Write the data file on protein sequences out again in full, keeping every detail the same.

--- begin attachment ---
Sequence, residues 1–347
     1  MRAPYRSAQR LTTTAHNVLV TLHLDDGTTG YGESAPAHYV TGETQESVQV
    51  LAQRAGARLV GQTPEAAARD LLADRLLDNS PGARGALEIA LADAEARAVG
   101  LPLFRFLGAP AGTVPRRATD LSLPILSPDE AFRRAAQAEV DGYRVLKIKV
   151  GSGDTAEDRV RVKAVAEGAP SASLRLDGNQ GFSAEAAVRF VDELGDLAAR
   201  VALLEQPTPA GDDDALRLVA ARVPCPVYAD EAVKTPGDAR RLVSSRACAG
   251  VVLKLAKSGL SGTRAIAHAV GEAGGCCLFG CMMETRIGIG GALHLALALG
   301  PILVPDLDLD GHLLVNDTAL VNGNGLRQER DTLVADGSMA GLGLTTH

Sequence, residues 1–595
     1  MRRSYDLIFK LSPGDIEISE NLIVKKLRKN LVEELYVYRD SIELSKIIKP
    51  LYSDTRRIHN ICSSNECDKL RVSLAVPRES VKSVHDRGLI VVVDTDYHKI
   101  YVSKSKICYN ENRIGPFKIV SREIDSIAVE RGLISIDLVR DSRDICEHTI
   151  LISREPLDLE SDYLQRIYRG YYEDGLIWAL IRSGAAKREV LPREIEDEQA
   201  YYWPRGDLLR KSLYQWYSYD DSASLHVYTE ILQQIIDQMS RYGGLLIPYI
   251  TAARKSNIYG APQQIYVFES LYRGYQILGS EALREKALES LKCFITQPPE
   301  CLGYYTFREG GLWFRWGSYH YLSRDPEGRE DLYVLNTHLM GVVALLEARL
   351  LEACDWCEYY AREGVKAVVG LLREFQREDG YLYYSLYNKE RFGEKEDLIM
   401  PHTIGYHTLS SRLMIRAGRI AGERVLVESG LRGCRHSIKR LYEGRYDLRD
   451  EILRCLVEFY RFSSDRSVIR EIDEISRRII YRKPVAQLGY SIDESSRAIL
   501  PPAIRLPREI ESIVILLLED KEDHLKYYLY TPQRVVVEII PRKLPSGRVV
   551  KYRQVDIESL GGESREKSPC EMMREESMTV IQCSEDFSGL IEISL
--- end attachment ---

Sequence, residues 1–347
     1  MRAPYRSAQR LTTTAHNVLV TLHLDDGTTG YGESAPAHYV TGETQESVQV
    51  LAQRAGARLV GQTPEAAARD LLADRLLDNS PGARGALEIA LADAEARAVG
   101  LPLFRFLGAP AGTVPRRATD LSLPILSPDE AFRRAAQAEV DGYRVLKIKV
   151  GSGDTAEDRV RVKAVAEGAP SASLRLDGNQ GFSAEAAVRF VDELGDLAAR
   201  VALLEQPTPA GDDDALRLVA ARVPCPVYAD EAVKTPGDAR RLVSSRACAG
   251  VVLKLAKSGL SGTRAIAHAV GEAGGCCLFG CMMETRIGIG GALHLALALG
   301  PILVPDLDLD GHLLVNDTAL VNGNGLRQER DTLVADGSMA GLGLTTH

Sequence, residues 1–595
     1  MRRSYDLIFK LSPGDIEISE NLIVKKLRKN LVEELYVYRD SIELSKIIKP
    51  LYSDTRRIHN ICSSNECDKL RVSLAVPRES VKSVHDRGLI VVVDTDYHKI
   101  YVSKSKICYN ENRIGPFKIV SREIDSIAVE RGLISIDLVR DSRDICEHTI
   151  LISREPLDLE SDYLQRIYRG YYEDGLIWAL IRSGAAKREV LPREIEDEQA
   201  YYWPRGDLLR KSLYQWYSYD DSASLHVYTE ILQQIIDQMS RYGGLLIPYI
   251  TAARKSNIYG APQQIYVFES LYRGYQILGS EALREKALES LKCFITQPPE
   301  CLGYYTFREG GLWFRWGSYH YLSRDPEGRE DLYVLNTHLM GVVALLEARL
   351  LEACDWCEYY AREGVKAVVG LLREFQREDG YLYYSLYNKE RFGEKEDLIM
   401  PHTIGYHTLS SRLMIRAGRI AGERVLVESG LRGCRHSIKR LYEGRYDLRD
   451  EILRCLVEFY RFSSDRSVIR EIDEISRRII YRKPVAQLGY SIDESSRAIL
   501  PPAIRLPREI ESIVILLLED KEDHLKYYLY TPQRVVVEII PRKLPSGRVV
   551  KYRQVDIESL GGESREKSPC EMMREESMTV IQCSEDFSGL IEISL